No, Virginia, I don't believe in jinxes

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There, I said it. Phew.

This topic is pretty silly to begin with, but since it’s been a relatively slow afternoon news-wise, I thought it was worth discussing. You see, during Tuesday’s near no-hitter by the Rangers, I was accused of being a jinx. Yes, it’s true. That stung a little bit at the time, but it’s not going to stop me from mentioning potential no-hitters in the future. My apologies if you hate it, but I just refuse to believe that if I mention the event in progress — as I did here on the blog on Tuesday night — it will have some cosmic effect on the actual game on the field. That’s positively bananas.

We have had five no-hitters this season, including two perfect games, the great majority of which HardballTalk has covered in progress.

April 17: Ubaldo Jimenez

May 9: Dallas Braden

May 29: Roy Halladay

June 25: Edwin Jackson

July 26: Matt Garza

And that’s not even counting how MLB Network cuts into live game action as early as the sixth or seventh inning in some cases, or how the instant-gratification of Twitter has pretty much hacked away at whatever superstitions you once held dear. We live in a world where no-hitters in progress are mentioned more frequently than ever before, yet we have had more no-no’s this season than there have been since 1990. 

I don’t want to get all scientific about it, because really, whatever you believe is up to you. The Mets have never thrown a no-hitter, so perhaps the whole darn franchise is a jinx for all I know. Though, I admit Cubs fans may have an argument with me there. The point is, no, I don’t think my words had any impact on Tuesday’s outcome, nor did ESPN’s or MLB Network’s or anybody on Twitter for that matter. Neftali Feliz just happened to miss his location on a fastball to Joe Mauer, who is a pretty good hitter, it turns out.   

Mets leaning on Jay Bruce, Neil Walker as Lucas Duda insurance

LOS ANGELES, CALIFORNIA - MAY 12:  Pinch hitter Lucas Duda #21 of the New York Mets walks back to the dugout after striking out for the first out of the ninth inning against Clayton Kershaw #22 of the Los Angeles Dodgers at Dodger Stadium on May 12, 2016 in Los Angeles, California.  The Dodgers won 5-0.  (Photo by Stephen Dunn/Getty Images)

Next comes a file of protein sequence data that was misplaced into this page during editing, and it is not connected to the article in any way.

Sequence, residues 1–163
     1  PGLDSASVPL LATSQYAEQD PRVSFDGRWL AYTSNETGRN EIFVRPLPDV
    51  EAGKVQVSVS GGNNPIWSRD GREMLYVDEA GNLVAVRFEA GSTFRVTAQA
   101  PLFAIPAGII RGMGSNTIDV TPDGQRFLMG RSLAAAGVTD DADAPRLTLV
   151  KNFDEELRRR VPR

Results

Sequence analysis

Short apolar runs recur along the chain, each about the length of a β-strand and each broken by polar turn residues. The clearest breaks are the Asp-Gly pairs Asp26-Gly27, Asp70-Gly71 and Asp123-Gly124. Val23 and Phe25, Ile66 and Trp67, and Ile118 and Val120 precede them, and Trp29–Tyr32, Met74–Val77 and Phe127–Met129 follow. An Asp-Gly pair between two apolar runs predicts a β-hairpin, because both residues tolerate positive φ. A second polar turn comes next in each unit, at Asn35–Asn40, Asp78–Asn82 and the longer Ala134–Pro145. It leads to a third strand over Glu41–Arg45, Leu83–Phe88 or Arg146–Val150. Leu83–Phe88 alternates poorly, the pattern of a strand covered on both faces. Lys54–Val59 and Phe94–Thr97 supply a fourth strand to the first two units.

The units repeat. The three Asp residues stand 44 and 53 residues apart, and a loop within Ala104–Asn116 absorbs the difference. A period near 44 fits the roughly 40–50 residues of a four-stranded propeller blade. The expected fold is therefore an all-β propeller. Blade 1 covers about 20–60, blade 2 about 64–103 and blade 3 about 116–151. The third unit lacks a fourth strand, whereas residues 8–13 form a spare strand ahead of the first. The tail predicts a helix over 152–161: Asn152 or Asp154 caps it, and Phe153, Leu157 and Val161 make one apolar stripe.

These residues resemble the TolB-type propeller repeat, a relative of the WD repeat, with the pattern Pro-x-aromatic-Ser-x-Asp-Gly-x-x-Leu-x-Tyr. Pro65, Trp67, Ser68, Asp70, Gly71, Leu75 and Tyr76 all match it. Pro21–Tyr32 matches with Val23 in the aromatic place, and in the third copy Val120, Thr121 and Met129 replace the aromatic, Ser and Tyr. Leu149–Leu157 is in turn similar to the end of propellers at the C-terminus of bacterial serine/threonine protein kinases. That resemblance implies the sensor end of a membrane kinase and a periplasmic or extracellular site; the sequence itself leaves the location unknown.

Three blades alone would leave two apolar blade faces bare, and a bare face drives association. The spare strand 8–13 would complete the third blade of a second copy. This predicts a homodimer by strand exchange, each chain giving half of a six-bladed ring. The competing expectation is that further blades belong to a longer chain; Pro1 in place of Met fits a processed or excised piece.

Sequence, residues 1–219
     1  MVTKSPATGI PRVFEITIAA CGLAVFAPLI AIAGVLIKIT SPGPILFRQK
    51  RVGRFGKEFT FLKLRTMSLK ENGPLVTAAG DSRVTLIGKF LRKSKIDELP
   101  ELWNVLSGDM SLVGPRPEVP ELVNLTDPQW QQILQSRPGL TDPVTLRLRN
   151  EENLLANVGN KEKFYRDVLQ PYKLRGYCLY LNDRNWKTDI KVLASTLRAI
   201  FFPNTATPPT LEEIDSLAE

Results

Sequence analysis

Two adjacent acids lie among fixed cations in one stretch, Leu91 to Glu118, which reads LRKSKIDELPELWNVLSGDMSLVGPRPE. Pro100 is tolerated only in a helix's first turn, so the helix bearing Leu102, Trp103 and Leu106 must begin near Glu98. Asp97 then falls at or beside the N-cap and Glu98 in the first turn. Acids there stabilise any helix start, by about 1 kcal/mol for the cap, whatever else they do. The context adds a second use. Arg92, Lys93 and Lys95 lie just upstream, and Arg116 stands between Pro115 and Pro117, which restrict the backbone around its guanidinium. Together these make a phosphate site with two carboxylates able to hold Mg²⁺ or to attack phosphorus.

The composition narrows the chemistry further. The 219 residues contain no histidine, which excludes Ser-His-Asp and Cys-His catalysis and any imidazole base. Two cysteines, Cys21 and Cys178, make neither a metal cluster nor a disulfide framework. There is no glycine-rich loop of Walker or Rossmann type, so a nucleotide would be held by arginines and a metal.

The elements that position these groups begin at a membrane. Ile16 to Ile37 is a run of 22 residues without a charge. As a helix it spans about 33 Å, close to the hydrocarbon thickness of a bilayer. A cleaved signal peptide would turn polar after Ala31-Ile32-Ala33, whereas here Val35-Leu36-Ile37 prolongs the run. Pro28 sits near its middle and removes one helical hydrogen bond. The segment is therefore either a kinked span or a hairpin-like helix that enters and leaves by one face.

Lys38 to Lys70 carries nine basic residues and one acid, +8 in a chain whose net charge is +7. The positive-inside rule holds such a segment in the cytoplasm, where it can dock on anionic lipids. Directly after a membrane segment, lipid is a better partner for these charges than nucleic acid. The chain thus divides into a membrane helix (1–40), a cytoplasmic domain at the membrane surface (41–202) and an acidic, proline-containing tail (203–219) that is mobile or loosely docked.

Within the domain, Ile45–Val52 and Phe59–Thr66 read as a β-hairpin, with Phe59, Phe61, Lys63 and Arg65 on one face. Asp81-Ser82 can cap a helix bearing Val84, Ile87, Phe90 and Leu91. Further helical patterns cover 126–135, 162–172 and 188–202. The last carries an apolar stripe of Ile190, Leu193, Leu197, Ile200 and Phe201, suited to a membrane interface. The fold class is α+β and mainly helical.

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The Mets have begun working outfielder Jay Bruce and second baseman Neil Walker at first base as potential insurance in the event Lucas Duda continues to experience back discomfort, Mike Puma of the New York Post reports. Duda has been sidelined recently due to back spasms and missed all but 47 games last season as a result of a stress fracture in his lower back.

Manager Terry Collins spoke about Bruce’s work at first base on Sunday, saying, “I liked everything I saw today. “It looks like he’s got the athleticism, he’s got the hands, he’s got the arm angle. He made some throws in our drills that you wouldn’t expect an outfielder to be able to make, but yet he does. If that’s where we have to go, I think we’ll be fine.”

Bruce has only three games’ worth of experience at first base at the major league level, but still has high expectations for himself. He said, “I am going to work at it. I want to give myself a chance and the team a chance. I am not going to go over there and be a butcher. It’s just not the way I go about my business on the baseball field and it wouldn’t be fair to the team if I wasn’t capable to do it, so I am going to work at it and we’ll see what happens.”

The Mets made Bruce available via trade over the offseason but didn’t get an offer that whet their appetite. As a result, Michael Conforto appears to be the odd man out in the Mets’ crowded outfield.

Jason Kipnis diagnosed with a strained rotator cuff

CLEVELAND, OH - NOVEMBER 02:  Jason Kipnis #22 of the Cleveland Indians celebrates after scoring a run on a wild pitch thrown by Jon Lester #34 of the Chicago Cubs (not pictured) during the fifth inning in Game Seven of the 2016 World Series at Progressive Field on November 2, 2016 in Cleveland, Ohio.  (Photo by Elsa/Getty Images)
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Indians second baseman Jason Kipnis has been diagnosed with a strained rotator cuff in his right shoulder, MLB.com’s Jordan Bastian reports. Kipnis has received a cortisone shot and will be shut down from throwing for the next four to five days.

There’s a lot of spring left, so it’s perfectly sensible for the Indians to play it safe with their star player. The club already had Kipnis on a shoulder strengthening program.

Kipnis, 29, helped the Indians to the playoffs after batting .275/.343/.469 with 23 home runs, 92 RBI, 91 runs scored, and 15 stolen bases in 688 plate appearances during the regular season last year. He then helped the Indians reach Game 7 of the World Series against the Cubs, where they were eventually stopped, as he provided a .741 OPS including four homers and eight RBI in 15 playoff games.